FR: I started out with the Jastreboff Model, the only one that is, in my eyes, based on somewhat decent science. It’s a form of “tinnitus retraining therapy” that first centers on ending the negative view of the sufferer towards the tinnitus and then reducing the actual perception of it. For me, this was achieved through trial and error of creating sounds, exposing myself to them and checking how it affects my tinnitus. What I’ve created is a form of sound treatment—either for low-volume headphone listening or listened to aloud with any other music or sound environment. It’s designed so that listeners will not remember what was heard a few minutes ago and what they hear will be different upon each encounter, which is the stochastic, or “chance” element of the music. After a while I realized that it worked, but not because it changed the tinnitus sound. It was because of how I listened to it. So you might not be able to change the physical cause of tinnitus but you can change how your brain operates when listening. That’s the premise of the Wiener Process. The Baskaru label released it as a collection of 24 CDs and as a 24 hour stream—the results of my four years of research. You can tune in any time from any device to the 24 hour stream. Obviously, my research is subjective, and the release is a piece of art. Its scientific effects are not known at this point.

JL: Just to clarify things here, Frank: our claim is to reduce the volume of the tinnitus-tone, not to cure it completely. What Tinnitracks is based on is clinical evidence that we can lower the volume of the tinnitus by up to 50 percent. And we are currently working to increase this percentage. It’s all based on independent academic research that has been published and verified by the academic community accordingly. To us it is extremely important to be transparent here. That is why we offer on our website a comprehensive list of the studies we based our solution on and thus enable anyone really interested to access the original data. I strongly disagree with your statement that there is no reliable scientific evidence of lowering the volume of tinnitus. We even have some cases where patients say that the sound seems to be gone after using our app. But we cannot reproduce this, so we don’t say we can cure it. All this brain research is quite new. And I believe scientists are on the right path. All of the partners we’re working closely together with, not only Sennheiser but also the European Commission, share that view. Moreover, all of these organizations closely monitor what we are doing, which has helped a lot in the process to achieve classification as a medical product.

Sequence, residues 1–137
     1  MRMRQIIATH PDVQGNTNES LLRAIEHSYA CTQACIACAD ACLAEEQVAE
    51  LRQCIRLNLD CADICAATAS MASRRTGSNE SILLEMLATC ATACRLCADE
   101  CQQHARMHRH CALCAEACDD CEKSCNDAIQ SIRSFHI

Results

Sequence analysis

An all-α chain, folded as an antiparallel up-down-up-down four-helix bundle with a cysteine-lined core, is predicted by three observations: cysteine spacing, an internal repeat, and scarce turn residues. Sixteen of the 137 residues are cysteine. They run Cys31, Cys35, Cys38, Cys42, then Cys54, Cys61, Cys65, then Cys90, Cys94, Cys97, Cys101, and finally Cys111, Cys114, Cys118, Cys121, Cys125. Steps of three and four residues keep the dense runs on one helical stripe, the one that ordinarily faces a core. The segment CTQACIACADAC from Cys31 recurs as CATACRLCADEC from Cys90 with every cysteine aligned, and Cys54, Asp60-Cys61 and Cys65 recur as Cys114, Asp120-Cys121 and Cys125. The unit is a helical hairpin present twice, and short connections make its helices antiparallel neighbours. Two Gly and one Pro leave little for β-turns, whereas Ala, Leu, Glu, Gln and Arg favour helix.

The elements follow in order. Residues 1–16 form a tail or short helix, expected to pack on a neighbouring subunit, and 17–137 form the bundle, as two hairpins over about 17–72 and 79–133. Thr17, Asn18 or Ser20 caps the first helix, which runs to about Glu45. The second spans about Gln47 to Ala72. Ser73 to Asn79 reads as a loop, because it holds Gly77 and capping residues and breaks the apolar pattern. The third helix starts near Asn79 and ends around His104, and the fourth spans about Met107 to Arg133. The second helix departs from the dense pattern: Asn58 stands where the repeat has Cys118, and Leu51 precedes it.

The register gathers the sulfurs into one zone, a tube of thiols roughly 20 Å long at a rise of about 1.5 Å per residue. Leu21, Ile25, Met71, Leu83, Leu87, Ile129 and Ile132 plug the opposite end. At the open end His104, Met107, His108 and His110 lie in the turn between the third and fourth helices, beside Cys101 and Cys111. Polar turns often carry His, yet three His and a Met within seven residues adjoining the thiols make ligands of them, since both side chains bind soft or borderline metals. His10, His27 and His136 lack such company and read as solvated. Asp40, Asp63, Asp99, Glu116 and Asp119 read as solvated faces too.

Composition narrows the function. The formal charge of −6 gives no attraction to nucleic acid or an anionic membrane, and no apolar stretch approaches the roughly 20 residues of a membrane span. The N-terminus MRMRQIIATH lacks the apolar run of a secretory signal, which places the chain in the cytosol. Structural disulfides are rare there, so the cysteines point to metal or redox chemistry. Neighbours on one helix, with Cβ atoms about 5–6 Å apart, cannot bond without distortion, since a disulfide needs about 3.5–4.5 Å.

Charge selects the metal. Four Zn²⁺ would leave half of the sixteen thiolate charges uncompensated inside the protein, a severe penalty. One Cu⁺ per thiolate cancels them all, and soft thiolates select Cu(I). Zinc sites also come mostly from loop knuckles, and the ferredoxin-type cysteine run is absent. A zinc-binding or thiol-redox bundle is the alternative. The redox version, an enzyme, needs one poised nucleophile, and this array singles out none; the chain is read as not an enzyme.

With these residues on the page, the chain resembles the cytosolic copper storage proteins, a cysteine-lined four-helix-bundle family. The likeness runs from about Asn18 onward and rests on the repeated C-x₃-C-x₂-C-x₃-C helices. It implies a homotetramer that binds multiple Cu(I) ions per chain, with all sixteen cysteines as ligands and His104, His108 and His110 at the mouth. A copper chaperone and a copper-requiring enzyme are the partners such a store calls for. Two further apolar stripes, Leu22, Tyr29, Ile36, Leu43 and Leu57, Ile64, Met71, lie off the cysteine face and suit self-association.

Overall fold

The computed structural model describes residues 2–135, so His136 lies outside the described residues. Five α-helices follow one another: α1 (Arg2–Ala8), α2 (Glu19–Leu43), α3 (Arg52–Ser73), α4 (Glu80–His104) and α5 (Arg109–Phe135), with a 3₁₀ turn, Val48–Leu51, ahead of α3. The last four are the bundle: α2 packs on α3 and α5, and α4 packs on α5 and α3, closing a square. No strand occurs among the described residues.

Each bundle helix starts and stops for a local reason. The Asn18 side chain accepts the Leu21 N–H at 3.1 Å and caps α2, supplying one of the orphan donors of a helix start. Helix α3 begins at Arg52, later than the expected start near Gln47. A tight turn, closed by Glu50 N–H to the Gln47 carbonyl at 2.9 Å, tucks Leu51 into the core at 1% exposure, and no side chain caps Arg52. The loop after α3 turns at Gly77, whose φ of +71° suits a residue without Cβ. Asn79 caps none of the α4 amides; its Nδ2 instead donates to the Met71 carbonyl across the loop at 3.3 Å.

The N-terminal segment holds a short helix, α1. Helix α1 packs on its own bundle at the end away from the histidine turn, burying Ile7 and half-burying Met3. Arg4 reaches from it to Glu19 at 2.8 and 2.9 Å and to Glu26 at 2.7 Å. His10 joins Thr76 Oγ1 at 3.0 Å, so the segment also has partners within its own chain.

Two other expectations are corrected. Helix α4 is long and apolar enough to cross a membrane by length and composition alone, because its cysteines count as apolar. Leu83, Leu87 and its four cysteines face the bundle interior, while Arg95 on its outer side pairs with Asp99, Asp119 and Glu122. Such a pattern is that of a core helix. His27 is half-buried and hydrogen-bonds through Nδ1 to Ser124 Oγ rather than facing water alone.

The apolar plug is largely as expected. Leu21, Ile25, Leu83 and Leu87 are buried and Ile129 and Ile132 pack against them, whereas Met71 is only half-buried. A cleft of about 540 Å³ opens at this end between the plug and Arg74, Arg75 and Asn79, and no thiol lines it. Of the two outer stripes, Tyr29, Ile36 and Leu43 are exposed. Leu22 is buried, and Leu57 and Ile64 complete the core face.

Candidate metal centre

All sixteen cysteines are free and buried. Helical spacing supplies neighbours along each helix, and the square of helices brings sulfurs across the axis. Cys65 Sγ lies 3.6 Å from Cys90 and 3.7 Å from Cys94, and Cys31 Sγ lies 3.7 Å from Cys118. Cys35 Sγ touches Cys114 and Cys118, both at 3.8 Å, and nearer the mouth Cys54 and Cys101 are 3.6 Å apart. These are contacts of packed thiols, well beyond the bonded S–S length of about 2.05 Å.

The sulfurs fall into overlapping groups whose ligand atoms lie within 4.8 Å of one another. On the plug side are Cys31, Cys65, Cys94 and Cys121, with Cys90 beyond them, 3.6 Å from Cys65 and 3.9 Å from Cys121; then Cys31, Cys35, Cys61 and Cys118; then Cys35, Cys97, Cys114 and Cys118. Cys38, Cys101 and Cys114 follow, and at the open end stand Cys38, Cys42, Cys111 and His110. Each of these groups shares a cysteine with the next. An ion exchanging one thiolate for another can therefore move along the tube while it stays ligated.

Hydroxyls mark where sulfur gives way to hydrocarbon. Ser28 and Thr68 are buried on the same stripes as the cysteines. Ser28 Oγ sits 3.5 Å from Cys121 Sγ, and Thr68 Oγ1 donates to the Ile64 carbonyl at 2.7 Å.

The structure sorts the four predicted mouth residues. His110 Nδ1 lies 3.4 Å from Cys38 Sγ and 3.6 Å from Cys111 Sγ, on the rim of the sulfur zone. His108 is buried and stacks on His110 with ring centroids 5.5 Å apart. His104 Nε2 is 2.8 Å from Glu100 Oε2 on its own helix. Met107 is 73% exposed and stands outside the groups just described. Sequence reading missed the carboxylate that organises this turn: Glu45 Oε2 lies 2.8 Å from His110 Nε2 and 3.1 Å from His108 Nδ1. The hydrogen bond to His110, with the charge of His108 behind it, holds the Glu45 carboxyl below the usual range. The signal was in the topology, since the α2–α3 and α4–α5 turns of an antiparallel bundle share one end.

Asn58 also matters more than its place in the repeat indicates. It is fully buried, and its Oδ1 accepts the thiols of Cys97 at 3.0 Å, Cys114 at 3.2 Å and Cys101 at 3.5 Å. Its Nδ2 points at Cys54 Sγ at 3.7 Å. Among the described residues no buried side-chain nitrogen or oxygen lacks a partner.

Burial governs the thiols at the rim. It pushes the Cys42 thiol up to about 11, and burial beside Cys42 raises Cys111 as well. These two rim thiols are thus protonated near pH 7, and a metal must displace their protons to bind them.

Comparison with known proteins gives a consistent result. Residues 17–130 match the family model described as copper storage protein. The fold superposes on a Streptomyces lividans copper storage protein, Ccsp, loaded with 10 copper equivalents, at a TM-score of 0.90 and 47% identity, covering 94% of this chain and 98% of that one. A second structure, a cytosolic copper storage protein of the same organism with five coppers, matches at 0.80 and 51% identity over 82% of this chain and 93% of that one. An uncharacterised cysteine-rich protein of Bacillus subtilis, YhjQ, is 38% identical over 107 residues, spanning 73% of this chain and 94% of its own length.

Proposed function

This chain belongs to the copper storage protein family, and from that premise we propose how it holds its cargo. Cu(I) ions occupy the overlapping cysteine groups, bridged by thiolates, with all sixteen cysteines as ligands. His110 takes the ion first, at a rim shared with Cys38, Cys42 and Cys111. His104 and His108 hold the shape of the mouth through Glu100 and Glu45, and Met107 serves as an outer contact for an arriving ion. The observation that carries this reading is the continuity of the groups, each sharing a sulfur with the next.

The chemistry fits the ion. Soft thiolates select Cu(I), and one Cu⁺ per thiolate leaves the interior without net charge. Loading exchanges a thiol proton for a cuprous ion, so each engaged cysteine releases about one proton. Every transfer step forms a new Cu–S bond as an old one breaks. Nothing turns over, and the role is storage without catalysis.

FR: I think one real key word in this conversation is “neuroplasticity.” I think the brain can, within reason, reroute neurological pathways. I also think that it’s probably the key to understanding tinnitus, and in general to understanding music on the level of brain functions—what sound actually does to the brain. That became my main point while dealing with my own tinnitus. What is music? What is sound? I haven’t tried Tinnitracks yet since it’s not available in the USA at the moment.

JL: We are currently in the process of getting the Food and Drug Administration clearance in the US, which is a lot of work…

FR: …but I’ve looked at all the approaches out there so far. And I found them to be unscientific and some even seemed to me like scams, scams to get people to undergo expensive therapies. But I’m not here to discuss your product. You obviously are and you can vouch for it. I’m not attacking your product.

JL: I do not deny that there are wild theories and promises made out in the market when it comes to tinnitus. However, I cannot stress enough that our solution is based on acknowledged and published research. I think it’s a tremendous achievement that you have developed your own way to cope with your individual situation, but the tinnitus you describe is neither the most prevalent form nor the one we target nor the form scientific research relates to.

FR: That’s all fine. There’s just a difference in opinion. I am more of a skeptic. I just think we haven’t found a cure yet.

JL: We aren’t saying that we’ve found a cure; we have found a treatment to reduce the volume of the tinnitus tone. However, one day a cure might be found and to support that, it’s necessary to take different perspectives into account. I think it would be great if you could talk to one of our neurophysiologists, for maybe you have found something in your personal studies that could be of interest to us, too.

FR: Yeah, absolutely. And all my work is open source. I’d love to share all my findings and my research. I have to issue a warning, though: The effect of psychostochastics and the Wiener Process on humans is not known at this time. As a result, I urge you to use it at your own risk. For some it is extremely powerful if you listen to it on high fidelity headphones in low light with your body in the zero gravity position. For others, I hypothesize, listening to [revered Japanese noise musician Keiji] Heino may be just as risky.

This article originally appeared in the Summer 2015 issue of Electronic Beats Magazine. Click here to read more from this issue.